Not only does it benefit your development in your craft, but practicing paying attention will benefit the way that you pray. Paying attention is essential for prayer. You will be open to hearing and seeing God in the daily moments. You will make space for finding truth, recognizing patterns, and understanding others. It will wake you up to the world around you that is deeply physical and deeply spiritual.
4. PUSH YOUR MARGINS
Meet my friend John Doe. John Doe is a fantastic graphic designer (unbeknownst to the world). John Doe has a specific set of skills and talents that he brings to the table. When John Doe lacks inspiration and has creative block for a project, he whips out his toolbox of skills,
go-to fonts, and design style that he believes is foolproof. His work seems to look exactly the same from project to project…
Don’t be John Doe.
The point is, everyone has their go-to design style… which is fantastic! Without our roots, we would be nowhere. However, there is a point when the boundaries need to be pushed. A point where the roots become a trunk. A point where the trunk spires out to a branch. A point where the branches bear fruit. If you can figure out how to push yourself to places that are uncomfortable or unfamiliar, the better design you will produce.
Plan out a design that you want to accomplish and then figure out the steps to get to that outcome. Push the boundaries of your mind and skill-sets and you will become a more valuable designer.
5. GIVE UP THE GLORY
Perfection is always going to be a far fetched idea. It’s an intangible thing, unless you’re referencing statistics, or something of that sort. Instead, consider the concept of perfection in terms of design. It’s something that no one will ever reach, until someone claims they’ve whipped up the “perfect piece!” That is, until one critic says otherwise — perfection, gone.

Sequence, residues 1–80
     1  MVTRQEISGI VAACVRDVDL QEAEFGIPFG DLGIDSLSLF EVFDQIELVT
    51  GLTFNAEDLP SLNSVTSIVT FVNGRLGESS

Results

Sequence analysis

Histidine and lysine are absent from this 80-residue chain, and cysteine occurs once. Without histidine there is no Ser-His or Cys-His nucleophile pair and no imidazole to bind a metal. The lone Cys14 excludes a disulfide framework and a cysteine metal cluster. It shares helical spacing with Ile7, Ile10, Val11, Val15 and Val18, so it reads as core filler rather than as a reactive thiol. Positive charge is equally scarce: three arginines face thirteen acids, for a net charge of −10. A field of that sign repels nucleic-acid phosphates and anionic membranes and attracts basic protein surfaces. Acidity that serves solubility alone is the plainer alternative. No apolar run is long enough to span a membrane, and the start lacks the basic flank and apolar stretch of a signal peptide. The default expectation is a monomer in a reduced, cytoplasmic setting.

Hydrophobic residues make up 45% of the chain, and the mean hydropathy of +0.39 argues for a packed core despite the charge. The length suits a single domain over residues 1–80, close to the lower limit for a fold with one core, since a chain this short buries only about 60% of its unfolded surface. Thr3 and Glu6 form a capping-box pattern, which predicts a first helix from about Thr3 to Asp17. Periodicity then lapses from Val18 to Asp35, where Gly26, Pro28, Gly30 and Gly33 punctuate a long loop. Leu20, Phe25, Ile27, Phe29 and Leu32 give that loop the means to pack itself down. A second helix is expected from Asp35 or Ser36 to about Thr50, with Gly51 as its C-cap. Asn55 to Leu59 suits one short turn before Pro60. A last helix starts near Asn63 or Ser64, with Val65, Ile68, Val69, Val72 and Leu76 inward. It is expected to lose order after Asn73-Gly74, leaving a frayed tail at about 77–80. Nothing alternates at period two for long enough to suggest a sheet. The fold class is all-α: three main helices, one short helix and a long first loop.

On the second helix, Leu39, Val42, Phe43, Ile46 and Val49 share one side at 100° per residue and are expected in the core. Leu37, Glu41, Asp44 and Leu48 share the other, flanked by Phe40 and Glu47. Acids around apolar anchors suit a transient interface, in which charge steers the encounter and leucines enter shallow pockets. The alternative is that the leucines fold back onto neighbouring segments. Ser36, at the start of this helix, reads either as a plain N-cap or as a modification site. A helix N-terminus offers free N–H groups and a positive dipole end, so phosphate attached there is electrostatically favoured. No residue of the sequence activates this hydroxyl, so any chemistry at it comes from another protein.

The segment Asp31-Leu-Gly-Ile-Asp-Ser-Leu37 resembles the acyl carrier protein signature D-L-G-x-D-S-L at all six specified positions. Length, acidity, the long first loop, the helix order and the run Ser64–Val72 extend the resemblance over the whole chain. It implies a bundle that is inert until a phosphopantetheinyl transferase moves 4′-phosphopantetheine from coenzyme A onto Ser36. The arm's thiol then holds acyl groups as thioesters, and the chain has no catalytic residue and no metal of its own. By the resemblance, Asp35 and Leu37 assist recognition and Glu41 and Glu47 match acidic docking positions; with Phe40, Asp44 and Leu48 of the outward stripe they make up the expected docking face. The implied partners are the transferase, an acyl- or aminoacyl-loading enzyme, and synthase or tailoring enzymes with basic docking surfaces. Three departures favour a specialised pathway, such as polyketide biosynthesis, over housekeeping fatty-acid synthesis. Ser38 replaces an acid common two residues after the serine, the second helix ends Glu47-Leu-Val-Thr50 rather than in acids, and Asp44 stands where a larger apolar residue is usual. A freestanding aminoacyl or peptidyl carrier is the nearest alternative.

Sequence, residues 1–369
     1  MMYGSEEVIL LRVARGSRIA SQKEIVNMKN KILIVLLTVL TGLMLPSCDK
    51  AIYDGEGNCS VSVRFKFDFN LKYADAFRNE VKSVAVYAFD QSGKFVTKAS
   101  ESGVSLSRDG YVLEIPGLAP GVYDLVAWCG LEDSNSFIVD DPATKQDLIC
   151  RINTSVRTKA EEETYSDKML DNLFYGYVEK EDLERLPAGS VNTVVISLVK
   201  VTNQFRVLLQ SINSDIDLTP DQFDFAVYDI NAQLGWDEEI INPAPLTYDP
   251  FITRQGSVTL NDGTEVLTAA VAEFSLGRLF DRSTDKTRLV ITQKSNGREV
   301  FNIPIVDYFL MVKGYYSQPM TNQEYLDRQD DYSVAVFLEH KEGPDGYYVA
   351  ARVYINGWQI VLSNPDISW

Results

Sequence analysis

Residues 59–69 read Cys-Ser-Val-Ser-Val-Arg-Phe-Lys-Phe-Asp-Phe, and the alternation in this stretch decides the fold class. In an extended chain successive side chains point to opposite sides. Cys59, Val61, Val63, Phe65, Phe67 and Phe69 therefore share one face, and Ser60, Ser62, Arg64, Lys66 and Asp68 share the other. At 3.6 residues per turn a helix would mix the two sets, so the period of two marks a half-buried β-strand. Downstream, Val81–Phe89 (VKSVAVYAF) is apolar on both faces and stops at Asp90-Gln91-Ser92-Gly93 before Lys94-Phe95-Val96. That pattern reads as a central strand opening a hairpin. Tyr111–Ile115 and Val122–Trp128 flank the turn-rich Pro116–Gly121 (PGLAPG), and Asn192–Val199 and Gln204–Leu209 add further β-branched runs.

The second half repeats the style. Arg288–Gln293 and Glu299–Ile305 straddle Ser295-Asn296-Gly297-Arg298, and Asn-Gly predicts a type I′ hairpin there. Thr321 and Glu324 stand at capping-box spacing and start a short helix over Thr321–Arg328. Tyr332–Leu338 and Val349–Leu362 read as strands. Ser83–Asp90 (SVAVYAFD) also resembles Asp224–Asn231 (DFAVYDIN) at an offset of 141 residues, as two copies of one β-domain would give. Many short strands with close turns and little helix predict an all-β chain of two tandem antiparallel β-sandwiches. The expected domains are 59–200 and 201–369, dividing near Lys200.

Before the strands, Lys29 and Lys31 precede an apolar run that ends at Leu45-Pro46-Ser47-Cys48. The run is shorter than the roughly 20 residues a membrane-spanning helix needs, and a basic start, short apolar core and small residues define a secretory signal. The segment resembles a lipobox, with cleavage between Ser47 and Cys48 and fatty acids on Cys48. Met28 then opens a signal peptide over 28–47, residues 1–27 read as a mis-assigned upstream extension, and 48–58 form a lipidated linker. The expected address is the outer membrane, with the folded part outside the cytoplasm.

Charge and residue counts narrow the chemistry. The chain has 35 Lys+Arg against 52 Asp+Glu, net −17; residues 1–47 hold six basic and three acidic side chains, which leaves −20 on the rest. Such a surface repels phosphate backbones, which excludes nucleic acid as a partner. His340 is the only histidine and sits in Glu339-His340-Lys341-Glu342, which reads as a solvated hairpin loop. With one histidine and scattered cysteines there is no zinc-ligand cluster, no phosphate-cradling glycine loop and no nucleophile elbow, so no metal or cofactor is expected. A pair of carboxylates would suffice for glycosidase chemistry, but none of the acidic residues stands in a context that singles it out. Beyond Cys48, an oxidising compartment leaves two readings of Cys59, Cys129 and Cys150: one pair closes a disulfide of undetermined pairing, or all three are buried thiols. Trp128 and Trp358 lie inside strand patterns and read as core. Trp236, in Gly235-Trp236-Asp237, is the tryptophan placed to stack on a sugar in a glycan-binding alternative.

Perhaps, there needs to be a perspective shift. Rather than striving for perfection, we as Christian designers need to be striving for excellence.
Excellence, by definition, means “The quality of being outstanding or extremely good.”(Oxford Dictionaries) Now that seems to be a lot more of a tangible idea, but why is it so important? Simply put by Paul in 1 Corinthians, “whether you eat or drink, or whatever you do, do all to the glory of God.” (1 Corinthians 10:31) Paul writes this in the context of lawful and unlawful eating of sacrificed food, but conveniently puts in the “or whatever you do” part to remind us that we should aim to glorify God in all things we do. Striving to produce extremely good work, is a direct representation of how we view and honor God. So, in your creating, challenge yourself to keep that in mind. How is your work glorifying God? Every pixel you make, every font that you choose, your aim to produce great work, pleases and glorifies God and you’ll be happy to find the outstanding work you’re left with.
You’re hopefully thinking now, “Great! Time to go strive for excellence!”… Not so fast. Paul writes earlier in that same passage, “Let no one seek his own good, but the good of his neighbor.” (1 Cor. 10:24) Understandably, design is a competitive industry. That, however, is not an excuse to be unconcerned about how your strive affects those around you. If you have to bring others down to lift yourself up, it is not going to be pleasing to God, therefore, does not glorify Him. In your striving for excellence, aim to not only focus on your benefit, but the benefit and well being of others as well – that they may too benefit from the effects.
Strive for excellence, not for your own promotion, but for the promotion and glory of God.